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Plaque at State Medical Examiner?s Building Dedicated to Longtime Chief Examiner ? Dr. Henry Ryan
November 14, 2013
(Augusta) A plaque recognizing the many years of dedicated service by Dr. Henry Ryan, the long-time Chief Medical Examiner, has been unveiled at the Medical Examiner?s building in Augusta. Dr. Ryan is credited for making the Office an integral part of the State?s law enforcement efforts and for being the driving force in the creation of a permanent facility dedicated to post-mortem examinations.
Dr. Ryan began serving as the Chief Medical Examiner for the State of Maine in 1976 and conducted autopsies at funeral homes and hospitals until 1992, when the State of Maine finally provided a permanent location for these examinations to be conducted.
Attorney General Janet T. Mills credited Dr. Ryan?s leadership for the creation of the facility and ushering a new era in the field. ?Henry Ryan transformed the practice of Forensic Medicine in Maine,? said Attorney General Mills. ?He brought a new level of sophistication and advanced thinking to the practice. Working in conjunction with law enforcement, I have no doubt that his efforts have resulted in solving cases that might not otherwise have been resolved. We owe him a huge debt of gratitude and it is very fitting that this plaque will recognize his efforts for many years to come.?
In 1976 Dr. Ryan set about developing the Medical Examiner system in Maine as we now know it. The current Office of Chief Medical Examiner was inaugurated on Hospital Street in Augusta in January 1992. Dr. Ryan continued as Chief Medical Examiner until his retirement in 1998. He testified in hundreds of court hearings in murder cases and conducted thousands of scene investigations.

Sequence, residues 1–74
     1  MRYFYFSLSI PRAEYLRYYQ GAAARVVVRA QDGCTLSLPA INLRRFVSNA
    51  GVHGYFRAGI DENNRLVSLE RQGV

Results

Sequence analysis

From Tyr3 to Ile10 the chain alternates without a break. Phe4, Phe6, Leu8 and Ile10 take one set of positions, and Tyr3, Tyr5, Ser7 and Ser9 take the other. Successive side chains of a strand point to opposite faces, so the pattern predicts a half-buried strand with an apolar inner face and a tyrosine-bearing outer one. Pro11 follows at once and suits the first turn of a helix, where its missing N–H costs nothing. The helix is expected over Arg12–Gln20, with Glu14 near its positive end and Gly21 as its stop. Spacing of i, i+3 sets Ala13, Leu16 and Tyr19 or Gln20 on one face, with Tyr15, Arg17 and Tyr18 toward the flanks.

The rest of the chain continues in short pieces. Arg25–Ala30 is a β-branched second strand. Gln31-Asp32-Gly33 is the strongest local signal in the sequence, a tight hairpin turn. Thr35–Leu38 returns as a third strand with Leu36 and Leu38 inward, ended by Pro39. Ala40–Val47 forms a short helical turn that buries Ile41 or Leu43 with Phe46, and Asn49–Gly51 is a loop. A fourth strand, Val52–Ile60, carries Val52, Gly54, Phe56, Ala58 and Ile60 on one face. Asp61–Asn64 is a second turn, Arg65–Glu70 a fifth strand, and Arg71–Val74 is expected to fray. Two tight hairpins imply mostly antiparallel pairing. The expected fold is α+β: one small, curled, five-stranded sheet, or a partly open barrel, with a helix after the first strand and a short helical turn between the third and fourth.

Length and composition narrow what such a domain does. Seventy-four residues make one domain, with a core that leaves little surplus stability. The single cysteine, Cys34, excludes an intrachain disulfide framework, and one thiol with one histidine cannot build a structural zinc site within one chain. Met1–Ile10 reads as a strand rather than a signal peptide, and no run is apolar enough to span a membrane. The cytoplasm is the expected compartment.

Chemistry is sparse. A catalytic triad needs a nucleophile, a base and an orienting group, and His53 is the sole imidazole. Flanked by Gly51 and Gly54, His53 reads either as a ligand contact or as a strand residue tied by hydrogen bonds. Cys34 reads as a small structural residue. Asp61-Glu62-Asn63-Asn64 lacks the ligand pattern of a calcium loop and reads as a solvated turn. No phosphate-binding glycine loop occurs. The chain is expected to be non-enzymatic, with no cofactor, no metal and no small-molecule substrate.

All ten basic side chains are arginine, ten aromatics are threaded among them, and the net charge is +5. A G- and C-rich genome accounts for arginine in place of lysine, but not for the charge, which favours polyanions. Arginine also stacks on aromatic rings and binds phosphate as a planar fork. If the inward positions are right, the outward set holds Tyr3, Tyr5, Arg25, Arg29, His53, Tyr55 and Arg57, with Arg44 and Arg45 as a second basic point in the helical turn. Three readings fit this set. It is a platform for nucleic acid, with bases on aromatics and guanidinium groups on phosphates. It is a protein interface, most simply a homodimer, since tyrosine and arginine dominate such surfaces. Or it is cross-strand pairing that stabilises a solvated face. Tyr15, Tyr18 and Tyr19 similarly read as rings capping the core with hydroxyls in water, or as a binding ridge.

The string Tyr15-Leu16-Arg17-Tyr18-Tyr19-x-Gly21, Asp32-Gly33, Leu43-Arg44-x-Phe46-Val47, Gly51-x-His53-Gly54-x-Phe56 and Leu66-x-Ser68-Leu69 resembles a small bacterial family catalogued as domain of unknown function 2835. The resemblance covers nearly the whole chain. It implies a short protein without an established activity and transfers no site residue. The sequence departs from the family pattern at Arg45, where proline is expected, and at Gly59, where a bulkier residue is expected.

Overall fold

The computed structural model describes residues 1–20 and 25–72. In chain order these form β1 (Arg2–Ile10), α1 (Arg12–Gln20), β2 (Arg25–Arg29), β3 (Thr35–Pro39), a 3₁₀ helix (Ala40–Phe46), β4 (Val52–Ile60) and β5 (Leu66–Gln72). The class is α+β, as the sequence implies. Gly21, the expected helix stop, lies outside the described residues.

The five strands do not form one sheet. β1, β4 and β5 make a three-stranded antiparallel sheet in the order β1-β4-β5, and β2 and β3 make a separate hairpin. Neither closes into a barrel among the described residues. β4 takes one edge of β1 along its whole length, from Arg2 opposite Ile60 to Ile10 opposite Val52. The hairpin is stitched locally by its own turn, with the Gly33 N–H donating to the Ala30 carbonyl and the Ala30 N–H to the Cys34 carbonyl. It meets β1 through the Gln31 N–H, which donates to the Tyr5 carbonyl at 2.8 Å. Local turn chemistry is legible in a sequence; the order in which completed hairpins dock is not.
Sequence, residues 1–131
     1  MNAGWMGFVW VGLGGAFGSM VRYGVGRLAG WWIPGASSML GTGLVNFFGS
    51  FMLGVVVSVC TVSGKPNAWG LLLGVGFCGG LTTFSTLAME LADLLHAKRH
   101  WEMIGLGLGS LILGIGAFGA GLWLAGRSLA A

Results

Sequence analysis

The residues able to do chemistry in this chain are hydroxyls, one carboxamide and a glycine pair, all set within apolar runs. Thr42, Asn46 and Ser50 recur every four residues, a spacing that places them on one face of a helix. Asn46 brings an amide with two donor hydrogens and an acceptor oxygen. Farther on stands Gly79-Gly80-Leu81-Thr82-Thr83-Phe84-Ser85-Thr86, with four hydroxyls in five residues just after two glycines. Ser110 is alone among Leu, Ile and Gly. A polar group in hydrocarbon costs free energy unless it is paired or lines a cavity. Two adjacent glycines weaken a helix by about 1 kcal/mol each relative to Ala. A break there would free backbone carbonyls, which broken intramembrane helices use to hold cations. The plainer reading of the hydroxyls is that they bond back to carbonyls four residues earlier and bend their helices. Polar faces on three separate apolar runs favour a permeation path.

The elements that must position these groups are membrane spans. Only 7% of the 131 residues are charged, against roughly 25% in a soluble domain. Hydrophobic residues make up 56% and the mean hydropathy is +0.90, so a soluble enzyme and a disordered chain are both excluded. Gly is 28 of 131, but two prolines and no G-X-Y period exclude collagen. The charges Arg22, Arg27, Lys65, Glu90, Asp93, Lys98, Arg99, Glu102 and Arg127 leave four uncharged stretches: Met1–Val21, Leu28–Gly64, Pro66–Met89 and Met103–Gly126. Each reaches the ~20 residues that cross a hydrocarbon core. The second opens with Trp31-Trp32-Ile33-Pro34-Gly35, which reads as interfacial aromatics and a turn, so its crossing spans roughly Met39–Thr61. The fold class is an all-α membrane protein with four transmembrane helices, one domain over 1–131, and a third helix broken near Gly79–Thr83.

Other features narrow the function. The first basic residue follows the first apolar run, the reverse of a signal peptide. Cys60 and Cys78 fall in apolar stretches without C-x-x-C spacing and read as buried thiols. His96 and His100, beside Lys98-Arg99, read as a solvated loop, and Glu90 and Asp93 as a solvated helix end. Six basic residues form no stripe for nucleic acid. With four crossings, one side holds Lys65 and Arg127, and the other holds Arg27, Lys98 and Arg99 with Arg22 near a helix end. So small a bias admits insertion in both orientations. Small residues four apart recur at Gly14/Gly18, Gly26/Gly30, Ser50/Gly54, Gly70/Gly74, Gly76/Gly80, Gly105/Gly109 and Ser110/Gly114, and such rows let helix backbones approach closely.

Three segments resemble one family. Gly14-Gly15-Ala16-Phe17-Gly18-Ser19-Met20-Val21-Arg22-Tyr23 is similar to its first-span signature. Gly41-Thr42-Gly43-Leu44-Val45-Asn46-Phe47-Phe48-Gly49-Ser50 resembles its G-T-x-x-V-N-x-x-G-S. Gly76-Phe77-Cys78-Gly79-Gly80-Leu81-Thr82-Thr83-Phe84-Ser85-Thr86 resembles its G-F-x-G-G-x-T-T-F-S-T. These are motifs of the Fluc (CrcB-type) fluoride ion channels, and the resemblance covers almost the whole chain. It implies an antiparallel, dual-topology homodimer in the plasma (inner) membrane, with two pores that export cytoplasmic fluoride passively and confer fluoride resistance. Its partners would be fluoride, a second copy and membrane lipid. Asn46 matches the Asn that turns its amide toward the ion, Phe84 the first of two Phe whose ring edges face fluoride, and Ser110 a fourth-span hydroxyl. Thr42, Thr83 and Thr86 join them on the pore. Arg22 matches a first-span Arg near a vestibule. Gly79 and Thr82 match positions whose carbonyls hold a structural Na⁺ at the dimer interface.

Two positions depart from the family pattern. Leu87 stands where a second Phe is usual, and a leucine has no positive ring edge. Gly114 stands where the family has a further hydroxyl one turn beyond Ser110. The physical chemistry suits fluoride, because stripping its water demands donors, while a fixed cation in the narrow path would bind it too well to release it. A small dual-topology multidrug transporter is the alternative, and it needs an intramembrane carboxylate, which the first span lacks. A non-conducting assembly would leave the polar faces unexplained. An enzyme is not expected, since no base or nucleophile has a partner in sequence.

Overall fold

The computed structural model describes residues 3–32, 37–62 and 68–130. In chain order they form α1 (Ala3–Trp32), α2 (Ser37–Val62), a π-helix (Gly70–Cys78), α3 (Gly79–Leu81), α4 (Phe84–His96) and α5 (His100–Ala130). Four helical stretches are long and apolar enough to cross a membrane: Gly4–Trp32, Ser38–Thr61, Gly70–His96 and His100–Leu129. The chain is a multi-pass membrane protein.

?I was privileged to work with Dr. Ryan for many years,? Attorney General Mills stated. ?I always learned something new from him and saw firsthand how compassionate he was for the living, as he worked with great care and caution with the deceased.?
During Dr. Ryan?s 22 years of service, the Maine medical examiner system developed into a centralized, modern system. State statutes were updated. Educational programs were instituted, including a tie with the New England Seminar in Forensic Sciences at Colby College. Collaborative relationships with local and state law enforcement and the state crime laboratory were strengthened. The Maine Office of Chief Medical Examiner was one of few jurisdictions to utilize a multidisciplinary approach in death investigation beginning in the late 70s, including forensic anthropology, entomology, and other forensic sciences.
?Dr. Ryan set the standard for dedication to his profession,? said Dr. Margaret Greenwald, current Chief Medical Examiner for the State of Maine. ?It is hard to imagine that our current, centralized system of medical examinations would have coalesced without his leadership. He wasn?t merely a gifted physician, he also excelled as someone who brought people together to solve problems and put the public interest first. That is a remarkable legacy.?
Dr. Ryan continued to work as a local Medical Examiner for many years after his retirement. On October 15th of this year, in a small ceremony, Dr. Ryan was honored by his friends and colleagues with a plaque that was placed at the entrance to the Office of Chief Medical Examiner. The plaque was funded by donations from many of the physicians, police officers and attorneys who had learned and benefited from his contributions to the Maine system of death investigation. The plaque reads in part ?In honor of Henry F Ryan, MD; In deep appreciation for his unselfish service to the citizens of Maine. His dedication to forensic medicine, his vision and his tenacity helped make this building a reality.?
[Photo ? Left to Right: Chief Medical Examiner Dr. Margaret Greenwald, Deputy Attorney General William Stokes, Dr. Henry Ryan, Attorney General Janet T. Mills]